Health care reform is coming and possibly soon. President Obama promised changes to the health care system during his run to office and has quickly taken measures to deliver on those promises. While several questions remain as to what these changes might entail, he has pledged to insure more Americans under a universal system.
It is hard to disagree with the notion that Americans need health care to be more accessible and affordable. The primary concern is the overall cost now and as a going concern. Additionally, what types of trickle down effects might develop as a result of a more universal system? And overall, do the ends justify the means?
At present, we are in a prolonged recession at best. Consumers are losing jobs at a breakneck pace, output is shrinking quarterly, tax receipts are down, and a financial crisis not seen since the Great Depression casts a long shadow over the world. Financial and insurance giants like AIG, Citigroup, and Bank of America teeter on insolvency while the need for further bailouts cannot be ruled out.
Our government already spends more on health care than any industrialized nation in the world. Are there ways to use our current dollars more efficiently without a costly overhaul? One can only wonder if this is an ideal time for the government to infuse billions into the health care system.
Thus far, the Obama administration has set aside $634 billion in a reserve fund as down-payment on reform. Current estimates say at least $1.5 trillion will be needed over a ten year period – more than two times the amount already reserved. Obviously, these are large amounts and if we know anything about government estimates, chances are they will continue to climb upwards.
There have been a few ideas as to how the taxpayers can foot such a bill, especially in light of current deficits and the recent passing of a $787 billion stimulus package. Proponents point toward potential savings through digital medical records, higher income taxes for the wealthy, and carbon emission auctions among other suggestions. But can such a large amount be generated through these measures alone? Savings from digital records has been difficult to calculate and some of these dollars have already been set aside for other government spending programs. Will income tax brackets need to be further adjusted in favor of the government?
Here is where it gets a little tricky. Advocates of universal health care will tell us that a government run program will reduce costs and increase the availability of health care to the sick and uninsured. If Medicare is any example, then cost reduction is certainly up for debate. And of the 47 million who are without insurance, how many are insurable and capable of purchasing coverage, yet choose to do without. It is the sick and impoverished that need the most help.
Recent increases to Medicaid (state-run health insurance for the impoverished) eligibility requirements have made coverage more readily available to families and especially their children. This is a step in the right direction and should help millions across the country. These efforts should decrease the number of uninsured Americans. More will need to be done, but the recent proposal by the major insurance carriers to provide coverage for the unhealthy at lower rates should also help considerably if adopted.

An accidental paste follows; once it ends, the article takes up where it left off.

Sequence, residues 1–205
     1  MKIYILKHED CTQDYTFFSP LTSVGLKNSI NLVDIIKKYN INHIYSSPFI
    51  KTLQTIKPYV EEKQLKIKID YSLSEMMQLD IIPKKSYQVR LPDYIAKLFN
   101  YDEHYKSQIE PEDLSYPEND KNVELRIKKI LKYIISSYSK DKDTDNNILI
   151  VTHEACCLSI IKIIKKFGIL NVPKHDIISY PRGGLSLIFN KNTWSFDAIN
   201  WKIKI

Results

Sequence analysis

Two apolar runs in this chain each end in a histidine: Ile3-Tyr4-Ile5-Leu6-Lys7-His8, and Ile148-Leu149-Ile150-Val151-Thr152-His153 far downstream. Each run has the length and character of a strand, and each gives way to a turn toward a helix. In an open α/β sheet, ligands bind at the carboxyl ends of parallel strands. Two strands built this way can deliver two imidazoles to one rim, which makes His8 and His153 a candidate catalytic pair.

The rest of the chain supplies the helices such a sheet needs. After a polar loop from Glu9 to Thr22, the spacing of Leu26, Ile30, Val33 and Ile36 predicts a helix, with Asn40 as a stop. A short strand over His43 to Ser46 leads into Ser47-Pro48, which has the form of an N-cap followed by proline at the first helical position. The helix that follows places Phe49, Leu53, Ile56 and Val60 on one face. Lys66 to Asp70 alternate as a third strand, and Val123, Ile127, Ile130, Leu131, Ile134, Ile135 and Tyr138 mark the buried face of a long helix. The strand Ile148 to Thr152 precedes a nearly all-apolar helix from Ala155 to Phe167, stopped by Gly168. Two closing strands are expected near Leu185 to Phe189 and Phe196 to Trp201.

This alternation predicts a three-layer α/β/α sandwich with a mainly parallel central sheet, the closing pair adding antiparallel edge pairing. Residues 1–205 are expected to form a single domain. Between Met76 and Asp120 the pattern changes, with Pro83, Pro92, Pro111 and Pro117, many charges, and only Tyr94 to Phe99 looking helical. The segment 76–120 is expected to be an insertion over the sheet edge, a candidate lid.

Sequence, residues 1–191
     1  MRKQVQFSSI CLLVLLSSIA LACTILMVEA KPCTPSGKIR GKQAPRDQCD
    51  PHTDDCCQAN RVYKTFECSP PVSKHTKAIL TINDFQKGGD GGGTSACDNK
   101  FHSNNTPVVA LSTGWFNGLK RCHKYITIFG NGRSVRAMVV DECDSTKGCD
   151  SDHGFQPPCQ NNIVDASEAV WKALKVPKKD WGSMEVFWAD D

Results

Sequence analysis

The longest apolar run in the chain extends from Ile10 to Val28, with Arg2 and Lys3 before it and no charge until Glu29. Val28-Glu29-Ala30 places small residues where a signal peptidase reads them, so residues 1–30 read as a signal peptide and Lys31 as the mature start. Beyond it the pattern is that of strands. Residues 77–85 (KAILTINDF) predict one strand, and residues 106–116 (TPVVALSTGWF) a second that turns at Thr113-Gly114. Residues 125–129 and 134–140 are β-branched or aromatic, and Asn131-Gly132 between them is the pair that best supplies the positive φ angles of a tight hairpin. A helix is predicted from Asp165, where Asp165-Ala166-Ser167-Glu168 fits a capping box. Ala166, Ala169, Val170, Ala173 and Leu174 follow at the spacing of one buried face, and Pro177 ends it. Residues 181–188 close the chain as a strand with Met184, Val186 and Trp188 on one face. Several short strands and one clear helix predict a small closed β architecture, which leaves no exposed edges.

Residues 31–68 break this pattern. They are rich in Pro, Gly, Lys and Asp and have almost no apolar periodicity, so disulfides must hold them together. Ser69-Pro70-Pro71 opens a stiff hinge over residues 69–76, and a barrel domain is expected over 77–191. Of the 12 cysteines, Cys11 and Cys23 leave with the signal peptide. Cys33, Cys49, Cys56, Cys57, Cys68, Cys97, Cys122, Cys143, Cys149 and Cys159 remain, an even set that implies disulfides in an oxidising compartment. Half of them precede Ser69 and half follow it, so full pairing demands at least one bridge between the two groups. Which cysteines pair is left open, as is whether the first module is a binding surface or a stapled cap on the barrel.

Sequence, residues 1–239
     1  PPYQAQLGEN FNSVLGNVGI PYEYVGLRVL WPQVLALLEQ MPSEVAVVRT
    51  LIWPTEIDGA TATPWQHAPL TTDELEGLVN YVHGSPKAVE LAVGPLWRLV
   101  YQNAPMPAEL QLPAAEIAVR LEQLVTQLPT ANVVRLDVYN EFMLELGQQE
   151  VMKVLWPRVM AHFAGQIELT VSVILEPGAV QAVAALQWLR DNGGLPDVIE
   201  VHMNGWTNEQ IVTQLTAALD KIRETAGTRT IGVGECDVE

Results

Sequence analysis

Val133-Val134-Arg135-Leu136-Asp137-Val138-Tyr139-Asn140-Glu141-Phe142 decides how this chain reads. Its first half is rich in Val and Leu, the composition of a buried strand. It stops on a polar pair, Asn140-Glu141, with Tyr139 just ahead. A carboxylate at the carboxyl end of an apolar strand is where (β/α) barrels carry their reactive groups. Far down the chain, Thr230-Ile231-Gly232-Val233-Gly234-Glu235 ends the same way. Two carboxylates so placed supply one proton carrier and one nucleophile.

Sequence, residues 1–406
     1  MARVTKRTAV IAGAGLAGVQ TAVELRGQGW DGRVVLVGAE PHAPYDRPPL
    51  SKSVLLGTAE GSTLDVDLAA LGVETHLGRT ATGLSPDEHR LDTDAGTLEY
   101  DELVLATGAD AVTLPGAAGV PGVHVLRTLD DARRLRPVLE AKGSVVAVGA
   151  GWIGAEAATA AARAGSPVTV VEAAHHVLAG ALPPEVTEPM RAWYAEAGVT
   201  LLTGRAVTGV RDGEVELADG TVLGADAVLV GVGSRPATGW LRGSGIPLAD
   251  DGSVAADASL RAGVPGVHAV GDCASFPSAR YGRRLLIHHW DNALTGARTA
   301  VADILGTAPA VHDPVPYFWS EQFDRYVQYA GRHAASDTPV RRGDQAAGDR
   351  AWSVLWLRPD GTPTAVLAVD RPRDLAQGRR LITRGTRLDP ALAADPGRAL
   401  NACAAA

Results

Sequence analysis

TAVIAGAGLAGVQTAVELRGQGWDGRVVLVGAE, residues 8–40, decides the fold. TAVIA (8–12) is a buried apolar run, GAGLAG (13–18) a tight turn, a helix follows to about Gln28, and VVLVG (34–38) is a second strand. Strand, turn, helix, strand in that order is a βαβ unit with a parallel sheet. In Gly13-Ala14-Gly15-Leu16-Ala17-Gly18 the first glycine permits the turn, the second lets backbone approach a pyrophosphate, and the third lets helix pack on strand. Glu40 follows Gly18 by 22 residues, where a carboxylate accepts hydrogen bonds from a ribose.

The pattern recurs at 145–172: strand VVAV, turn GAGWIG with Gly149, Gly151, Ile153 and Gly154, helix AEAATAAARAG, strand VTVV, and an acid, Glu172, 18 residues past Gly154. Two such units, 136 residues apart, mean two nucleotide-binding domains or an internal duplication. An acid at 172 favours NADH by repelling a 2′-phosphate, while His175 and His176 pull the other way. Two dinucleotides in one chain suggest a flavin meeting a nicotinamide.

However, if the government spends $1.5 trillion to create a large subsidized health insurance pool for Americans, what might be some unintended consequences? If this subsidized pool undercuts the current market, then it would be fair to assume that many Americans would join in order to save on premium? And when small businesses know their employees can join this pool, then why would they offer benefits at all? And what about large employer sponsored groups – can they discontinue coverage and nudge their personnel toward the government pool?
A universal system would certainly go a long way toward getting more Americans insured. However, it could have disastrous affects on the health insurance industry overall. There would be very little need for agents, underwriters, managers, marketing firms, clerical staff, and several others who are involved. The industry as we know it would downsize considerably, insurance carriers would go out of business, and many would become jobless.
Some would say good riddance. Sure, but there are tens of thousands who work in this industry and pay taxes every year. Are we not counting on their contributions to the treasury to fund our country? Unemployment is already above 8% and some predict it will rise to 12% before the economy improves, so are we ready to add hundreds of thousands more to the unemployment rolls?
There is a quite a bit of politicking about financial companies that are too big to fail. The same argument might apply here. The insurance industry and all whom it employs are too big to undermine. It would have a devastating affect on the economy and our elected officials should recognize this consequence of a universal system.
The current health insurance industry must play a significant role in any attempt to reform health care. If they are cast off as an unneeded group, then many more American will be without jobs, tax receipts will go down, and economic conditions will only worsen.
You will get no argument from most rational people working in the insurance industry that changes must be made to insure more Americans – especially those with preexisting conditions. There are several ways this can be accomplished with the help of insurance carriers and all who make a living in the industry, but that is a topic best discussed in a separate article.
A.M. Hyers writes for Hyers and Associates, a leading provider of individual, family, and business health insurance in several states.
Category: Health Insurance, Op/EdLast updated on February 2nd, 2022